He calls the biblical notion of God as “I Am” the most self-contradictory idea ever imagined—“the impossible synthesis” of being-for-itself (subjective personality, the “I”) with being-in-itself (objective eternal perfection, the “Am”).

Why does he says this?

God means the perfect person, and this is for Sartre a contradiction of terms.

  • Perfect things or ideas, like Justice or Truth, are possible
  • Imperfect persons, like Zeus or Apollo, are possible.
  • But the perfect person is impossible. Zeus is possible but not real. God is unique among gods: not only unreal but impossible.

How does this lead to his view of the impossible of love?

  1. God is impossible.
  2. God is love.
  3. Therefore, love is impossible.

The is probably the most shocking thing in Sartre’s philosophy: the denial of the possibility of genuine, altruistic love. In place of God, most atheists substitute human love as the thing they believe in. But Sartre argues that this is impossible.

  1. If there is no God, each individual is God.
  2. But there can be only one God, one absolute.
  3. Thus, all interpersonal relationships are fundamentally relationships of rivalry.

Here, Sartre echoes Machiavelli. Each of us necessarily plays God to others; each of us, as the author of the play of his own life, necessarily reduces others to characters in his drama.

How does this destroy the concept of community?

There can be no “we-subject,” no community, no self-forgetful love if each of us is always trying to be God, the one single unique I-subject.

What is his most famous play No Exit (1944) about?

Sartre’s  puts three dead people in a room and watches them make hell for each other simply by playing God to each other—not in the sense of exerting external power over each other but simply by knowing each other as objects.

The shocking lesson of the play is that “hell is other people.”

Why is this wrong?

In truth, hell is precisely the absence of other people, human and divine. Hell is total loneliness.

Heaven is other people, because heaven is where God is, and God is Trinity. God is love, God is “other persons.”

What should we make of Sartre’s brutally honest approach?

Sartre’s tough-minded honesty makes him almost attractive, despite his repellant conclusions like the meaninglessness of life, the arbitrariness of values, and the impossibility of love.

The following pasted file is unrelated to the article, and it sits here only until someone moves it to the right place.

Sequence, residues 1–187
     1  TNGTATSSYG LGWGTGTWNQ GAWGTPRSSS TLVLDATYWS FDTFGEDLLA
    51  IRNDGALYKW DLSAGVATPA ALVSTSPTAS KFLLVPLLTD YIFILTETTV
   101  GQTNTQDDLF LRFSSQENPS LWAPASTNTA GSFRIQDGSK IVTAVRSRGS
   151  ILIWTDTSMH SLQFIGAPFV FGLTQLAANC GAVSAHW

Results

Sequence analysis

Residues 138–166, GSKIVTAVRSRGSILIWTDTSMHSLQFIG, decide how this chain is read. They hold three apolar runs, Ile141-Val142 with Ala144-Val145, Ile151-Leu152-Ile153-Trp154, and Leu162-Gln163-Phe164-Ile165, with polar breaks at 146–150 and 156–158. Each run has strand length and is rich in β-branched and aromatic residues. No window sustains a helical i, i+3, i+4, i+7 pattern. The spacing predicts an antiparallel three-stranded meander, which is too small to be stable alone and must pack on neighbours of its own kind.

But his honesty, however deep it may have lodged in his character, was made trivial and meaningless because of his denial of God and thus of objective Truth. If there is no divine mind, there is no truth except the truth each of us makes of himself. So if there’s nothing for me to be honest about except me, what meaning does honesty have?

What is the subject of Sartre’s first novel, Nausea (1938)?

“Nausea” is the story of a man who, after arduous searching, finds the terrible truth that life has no meaning, that it’s simply nauseating excess, like vomit or excrement.

Sartre deliberately tends toward obscene images because he feels life itself is obscene)

How should we view Sartre?

We cannot help rendering a mixed verdict on Sartre. We can be gratified, in a sense, by his very repulsiveness—for it flows from his consistency. He shows us the true face of atheism:

  • absurdity (that’s the abstract word) and
  • nausea (that’s the concrete image he uses, and the title of his first and greatest novel)

Kreeft:

Sartre’s importance is like that of Ecclesiastes: He asks the greatest of all questions, courageously and unswervingly, and we can admire him for that.

Unfortunately, he also gives the worst possible answer to it, as Ecclesiastes did: “Vanity of vanity, all is vanity.”

We can only pity him for that, and with him the many other atheists who are clear-headed enough to see as he did that “without God all things are permissible”—but nothing has meaning.